• Chernikova, O., Heitzmann, N., Stadler, M., Holzberger, D., Seidel, T., & Fischer, F. (2020). Simulation-based learning in higher education: A meta-analysis. Rev Educ Res, 90(4), 499–541. https://doi.org/10.3102/0034654320933544

    CrossRef  Google Scholar 

  • Danielllou, F. (2005). The French-speaking ergonomists’ approach to work activity: Cross-influences of field intervention and conceptual models. Theor Issues Ergon Sci, 6(5), 409–427. https://doi.org/10.1080/14639220500078252

    CrossRef  Google Scholar 

  • Daniellou, F., & Rabardel, P. (2005). Activity-oriented approaches to ergonomics: Some traditions and communities. Theor Issues Ergon Sci, 6(5), 353–357. https://doi.org/10.1080/14639220500078351

    CrossRef  Google Scholar 

  • Drews, F. A., & Bakdash, J. Z. (2013). Simulation training in health care. Reviews of Human Factors and Ergonomics, 8, 191–234.

    CrossRef  Google Scholar 

  • Durand, M., & Poizat, G. (2015). An activity-centered approach to work analysis and the Design of Vocational. Springer.

    Google Scholar 

  • Filliettaz, L., & Billett, S. (Eds.). (2015). Francophone perspectives of learning through work: Conceptions, traditions and practices (pp. 221–240). Springer.

    Google Scholar 

  • Filliettaz, L., Billett, S., Bourgeois, E., Durand, M., & Poizat, G. (2015). Conceptualising and connecting francophone perspectives on learning through and for work. In L. Filliettaz & S. Billett (Eds.), Francophone perspectives of learning through work: Conceptions, traditions and practices (pp. 19–48). Springer.

    CrossRef  Google Scholar 

  • Hamstra, S., Brydges, R., Hatala, R., Zendejas, B., & Cook, D. (2014). Reconsidering fidelity in simulation-based training. Acad Med, 89(3), 387–392. https://doi.org/10.1097/ACM.0000000000000130

    CrossRef  Google Scholar 

  • Hoc, J.-M. (2001). Toward ecological validity of research in cognitive ergonomics. Theor Issues Ergon Sci, 2, 278–288.

    CrossRef  Google Scholar 

  • Hoc, J.-M., Cacciabue, P. C., & Hollnagel, E. (Eds.). (1995). Expertise and technology: Cognition & humancomputer cooperation. Lawrence Erlbaum Associates.

    Google Scholar 

  • Hill., R-R. & Tolk., A. (2017). A history of military computer simulation. In A. Tolk, J. Fowler, G. Shao, & E. Yücesan (Eds.), Advances in Modeling and simulation, simulation foundations, methods and applications (pp. 277–296). Springer International Publishing AG.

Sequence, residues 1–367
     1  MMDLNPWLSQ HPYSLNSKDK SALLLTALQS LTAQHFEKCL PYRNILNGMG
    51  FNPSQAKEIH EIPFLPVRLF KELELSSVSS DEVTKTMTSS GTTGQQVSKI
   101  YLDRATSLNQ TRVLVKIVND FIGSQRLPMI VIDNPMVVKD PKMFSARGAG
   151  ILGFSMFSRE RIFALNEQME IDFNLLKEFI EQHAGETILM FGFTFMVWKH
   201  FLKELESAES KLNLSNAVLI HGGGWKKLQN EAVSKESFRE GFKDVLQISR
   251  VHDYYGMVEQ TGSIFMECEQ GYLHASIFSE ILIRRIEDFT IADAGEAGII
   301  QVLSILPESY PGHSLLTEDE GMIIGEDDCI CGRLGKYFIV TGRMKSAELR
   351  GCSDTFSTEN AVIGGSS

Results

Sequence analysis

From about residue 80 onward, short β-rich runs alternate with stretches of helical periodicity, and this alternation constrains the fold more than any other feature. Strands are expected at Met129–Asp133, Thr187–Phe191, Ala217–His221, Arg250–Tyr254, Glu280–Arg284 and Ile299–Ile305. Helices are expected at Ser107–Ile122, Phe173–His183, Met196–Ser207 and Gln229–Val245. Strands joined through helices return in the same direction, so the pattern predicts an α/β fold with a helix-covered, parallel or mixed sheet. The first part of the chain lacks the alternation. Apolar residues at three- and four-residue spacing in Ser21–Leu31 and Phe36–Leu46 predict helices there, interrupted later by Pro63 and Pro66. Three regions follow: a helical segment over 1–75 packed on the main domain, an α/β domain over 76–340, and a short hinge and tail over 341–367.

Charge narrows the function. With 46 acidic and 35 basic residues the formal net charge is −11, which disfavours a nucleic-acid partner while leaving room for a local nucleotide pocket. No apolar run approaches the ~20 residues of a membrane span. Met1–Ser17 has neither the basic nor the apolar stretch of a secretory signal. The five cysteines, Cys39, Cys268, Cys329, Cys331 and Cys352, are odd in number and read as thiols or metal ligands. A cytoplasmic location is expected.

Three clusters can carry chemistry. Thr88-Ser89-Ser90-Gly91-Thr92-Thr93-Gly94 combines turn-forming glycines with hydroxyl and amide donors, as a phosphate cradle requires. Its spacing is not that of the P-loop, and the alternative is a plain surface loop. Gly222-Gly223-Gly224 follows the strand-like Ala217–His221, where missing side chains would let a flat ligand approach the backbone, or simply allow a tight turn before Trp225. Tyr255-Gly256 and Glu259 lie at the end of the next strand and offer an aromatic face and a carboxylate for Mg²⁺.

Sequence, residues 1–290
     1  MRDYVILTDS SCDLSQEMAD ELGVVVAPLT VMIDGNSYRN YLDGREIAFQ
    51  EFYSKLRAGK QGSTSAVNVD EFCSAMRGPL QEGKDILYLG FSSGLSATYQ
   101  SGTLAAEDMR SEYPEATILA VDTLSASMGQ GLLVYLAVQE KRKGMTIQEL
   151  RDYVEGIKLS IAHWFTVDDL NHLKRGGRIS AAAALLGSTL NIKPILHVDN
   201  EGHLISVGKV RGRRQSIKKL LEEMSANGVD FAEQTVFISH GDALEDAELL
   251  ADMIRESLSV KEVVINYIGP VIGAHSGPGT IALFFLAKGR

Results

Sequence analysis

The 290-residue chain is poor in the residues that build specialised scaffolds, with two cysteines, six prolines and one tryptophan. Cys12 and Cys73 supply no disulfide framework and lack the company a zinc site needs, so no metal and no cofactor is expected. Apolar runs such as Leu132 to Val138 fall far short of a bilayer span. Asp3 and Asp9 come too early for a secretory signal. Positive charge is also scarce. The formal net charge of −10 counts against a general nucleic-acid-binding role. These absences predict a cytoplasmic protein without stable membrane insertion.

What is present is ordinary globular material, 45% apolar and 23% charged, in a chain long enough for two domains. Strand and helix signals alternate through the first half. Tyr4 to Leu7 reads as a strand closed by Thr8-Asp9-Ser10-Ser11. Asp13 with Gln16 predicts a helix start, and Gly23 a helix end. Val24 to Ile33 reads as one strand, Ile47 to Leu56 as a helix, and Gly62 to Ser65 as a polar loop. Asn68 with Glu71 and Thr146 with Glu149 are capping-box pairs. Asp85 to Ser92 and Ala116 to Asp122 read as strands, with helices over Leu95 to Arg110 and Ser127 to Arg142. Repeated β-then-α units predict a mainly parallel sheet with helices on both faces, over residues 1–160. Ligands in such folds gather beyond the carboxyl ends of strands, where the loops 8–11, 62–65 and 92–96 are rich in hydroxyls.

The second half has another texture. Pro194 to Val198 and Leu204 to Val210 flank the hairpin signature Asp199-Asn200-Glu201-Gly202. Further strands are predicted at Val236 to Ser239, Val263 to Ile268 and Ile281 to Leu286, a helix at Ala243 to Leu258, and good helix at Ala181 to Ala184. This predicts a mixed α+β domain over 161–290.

Google Scholar 

  • Hollnagel, E. (2012). Resilience engineering and crisis management. https://gnssn.iaea.org/NSNI/SC/TMMtU/Presentations/Mr%20Hollnagel%27s%20Presentation%202.pdf

  • Leplat, J. (1989). Simulation and simulators in training: Some comments. In L. Bainbridge & S. A. Ruiz Quintanilla (Eds.), Developing skills with information technology (pp. 277–292). John Wiley and Sons Ltd.

    Google Scholar 

  • Norros, L. (1989). Simulation in industrial work and training. In L. Bainbridge & S. A. Ruiz Quintanilla (Eds.), Developing skills with information technology (pp. 315–327). John Wiley and Sons Ltd.

    Google Scholar 

  • Norros, L. (2005). The concept of habit in the analysis of situated actions. Theor Issues Ergon Sci, 6(5), 385–407. https://doi.org/10.1080/14639220500076520

    CrossRef  Google Scholar 

  • Norros, L. (2014). Developing human factors/ergonomics as a design discipline. Appl Ergon, 45, 61–71.

    CrossRef  Google Scholar 

  • Ouellet, S., & Vézina, N. (2015). Activity analysis and workplace training: An ergonomic perspective. In L. Filliettaz & S. Billett (Eds.), Francophone perspectives of learning through work: Conceptions, traditions and practices (pp. 241–256). Springer.

    CrossRef  Google Scholar 

  • Patrick, J. (1992). Training, Research & practice. Academic press.

    Google Scholar 

  • Rogalski, J. (1995). From real situations to training situations: Conserving the functionalities. In J.-M. Hoc, P. C. Cacciabue, & E. Hollnagel (Eds.), Expertise and technology: Cognition & human-computer cooperation (pp. 125–139). Laurence Erlbaum Associate.

    Google Scholar 

  • Pastré, P. (2005). La conception de situations didactiques à la lumière de la théorie de la conceptualisation dans l’action. In D. P. Rabardel & P. Pastré (Eds.), Modèles du sujet pour la conception. Dialectiques activité développement (pp. 73–107). Octarès.

    Google Scholar 

  • Persson, J. (2017). A review of the design and development processes of simulation for training in healthcare. A technology-centered versus human-centered perspective. Appl Ergon, 58, 314–326.

    CrossRef  Google Scholar